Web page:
Migrating from Ingress to Gateway API

It’s been a little while since I last published anything on my personal website but I have been creating quite a lot of content over on isovalent.com and posting a lot of Cilium updates on LinkedIn.

Most of the content over there is long-form and there is a little feature I discovered this morning that I thought I should share here for posterity.

I have been working on Gateway API for the past few months: previously at my last gig with HashiCorp (Consul was one of the first platforms to support it) and now at Isovalent, where Gateway API is officially released with Cilium 1.13. To help folks understanding Gateway API generally (and how it works on Cilium), I have created with an online lab which has been well-received. Check it out here.

I had been wondering what the migration path would be for Kubernetes Ingress users. Officially the line seems to be that Gateway API will not replace Ingress API but in the long-run, I imagine that it will (it doesn’t make sense for operators to run in parallel two means to route traffic into their clusters).

I was browsing the Gateway API website when I came across some details about a tool to migrate Ingress to Gateway API resources: it’s originally called Ingress to Gateway.

Written in Go, the tool checks out your Kubernetes Cluster (based on your current Kube Config), reads the Ingress API resources and outputs equivalent Gateway API resources to the terminal.

The project is still experimental as I write this blog post so obviously double-check the results and test before deploying.

The only requirement is to have Go installed and run go run . to compile and execute the tool. It worked straight-away for me.

I actually used the Isovalent Service Mesh lab to test it out as we use Ingress resources in the lab.

The Ingress Resouces deployed is the following:

apiVersion: networking.k8s.io/v1
kind: Ingress
metadata:
  name: basic-ingress
  namespace: default
spec:
  ingressClassName: cilium
  rules:
  - http:
      paths:
      - backend:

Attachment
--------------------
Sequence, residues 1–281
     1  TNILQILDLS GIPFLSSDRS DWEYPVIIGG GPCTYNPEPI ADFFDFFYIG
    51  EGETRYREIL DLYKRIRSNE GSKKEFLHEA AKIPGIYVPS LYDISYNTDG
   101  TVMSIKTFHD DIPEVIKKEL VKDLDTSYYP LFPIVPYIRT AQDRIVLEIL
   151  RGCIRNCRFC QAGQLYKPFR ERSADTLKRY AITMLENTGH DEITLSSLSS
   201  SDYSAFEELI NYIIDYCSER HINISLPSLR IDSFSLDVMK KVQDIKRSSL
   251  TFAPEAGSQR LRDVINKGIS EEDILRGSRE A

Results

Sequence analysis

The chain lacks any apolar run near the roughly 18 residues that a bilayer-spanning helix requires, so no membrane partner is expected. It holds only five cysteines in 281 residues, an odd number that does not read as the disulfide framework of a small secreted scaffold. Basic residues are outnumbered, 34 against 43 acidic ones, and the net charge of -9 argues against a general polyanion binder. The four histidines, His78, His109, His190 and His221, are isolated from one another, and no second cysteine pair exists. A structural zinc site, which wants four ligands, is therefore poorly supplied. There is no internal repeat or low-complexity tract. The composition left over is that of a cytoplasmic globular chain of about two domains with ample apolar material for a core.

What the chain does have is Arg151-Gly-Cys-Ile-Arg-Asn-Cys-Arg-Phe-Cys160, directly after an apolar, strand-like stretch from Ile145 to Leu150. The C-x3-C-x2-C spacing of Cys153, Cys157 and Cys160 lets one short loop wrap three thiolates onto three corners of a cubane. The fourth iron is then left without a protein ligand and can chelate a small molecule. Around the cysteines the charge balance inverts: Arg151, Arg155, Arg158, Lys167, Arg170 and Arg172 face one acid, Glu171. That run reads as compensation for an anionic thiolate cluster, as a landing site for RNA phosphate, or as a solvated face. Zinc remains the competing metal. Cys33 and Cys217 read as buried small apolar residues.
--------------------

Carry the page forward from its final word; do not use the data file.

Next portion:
service:
            name: details
            port:
              number: 9080
        path: /details
        pathType: Prefix
      - backend:
          service:
            name: productpage
            port:
              number: 9080
        path: /
        pathType: Prefix

One of the problems with Ingress is that Ingress definitions are specified in one big YAML file and managing it can be challenging when you have multiple teams looking at applying various routing configurations.

That’s addressed by Gateway API by separating the definition of an Gateway in one resource and the actual routes in separate resources (for example, HTTPRoute).

And that’s what you get when you use Ingress2Gateway:

apiVersion: gateway.networking.k8s.io/v1beta1
kind: Gateway
metadata:
  creationTimestamp: null
  name: cilium
  namespace: default
spec:
  gatewayClassName: cilium
  listeners:
  - name: http
    port: 80
    protocol: HTTP
status: {}
---
apiVersion: gateway.networking.k8s.io/v1beta1
kind: HTTPRoute
metadata:
  creationTimestamp: null
  name: all-hosts
  namespace: default
spec:
  parentRefs:
  - name: cilium
  rules:
  - backendRefs:
    - name: details
      port: 9080
    matches:
    - path:
        type: PathPrefix
        value: /details
  - backendRefs:
    - name: productpage
      port: 9080
    matches:
    - path:
        type: PathPrefix
        value: /
status:
  parents: []

This is pretty good. There are some fields that are not required (like creationTimestamp) but regardless, it works. When I saved this output into a yaml file called ingress2gateway.yaml and apply it, access to the Service behind the Gateway was successful:

root@server:~# vi ingress2gateway.yaml
root@server:~# kubectl apply -f ingress2gateway.yaml 
gateway.gateway.networking.k8s.io/cilium created
httproute.gateway.networking.k8s.io/all-hosts created
root@server:~# 
root@server:~# 
root@server:~# kubectl get svc
NAME                    TYPE           CLUSTER-IP      EXTERNAL-IP      PORT(S)        AGE
cilium-gateway-cilium   LoadBalancer   10.96.251.20    172.18.255.201   80:31478/TCP   7s
details                 ClusterIP      10.96.130.54    <none>           9080/TCP       49s
kubernetes              ClusterIP      10.96.0.1       <none>           443/TCP        13m
productpage             ClusterIP      10.96.7.88      <none>           9080/TCP       49s
ratings                 ClusterIP      10.96.179.111   <none>           9080/TCP       49s
reviews                 ClusterIP      10.96.176.21    <none>           9080/TCP       49s

root@server:~# kubectl get gateway
NAME     CLASS    ADDRESS          READY   AGE
cilium   cilium   172.18.255.201   True    68s
root@server:~# GATEWAY=$(kubectl get gateway cilium -o jsonpath='{.status.addresses[0].value}')
root@server:~# echo $GATEWAY
172.18.255.201
root@server:~# 
root@server:~# curl --fail -s http://$GATEWAY/details/1 | jq
{
  "id": 1,
  "author": "William Shakespeare",
  "year": 1595,
  "type": "paperback",
  "pages": 200,
  "publisher": "PublisherA",
  "language": "English",
  "ISBN-10": "1234567890",
  "ISBN-13": "123-1234567890"
}

That’s it for today. Thanks for reading.

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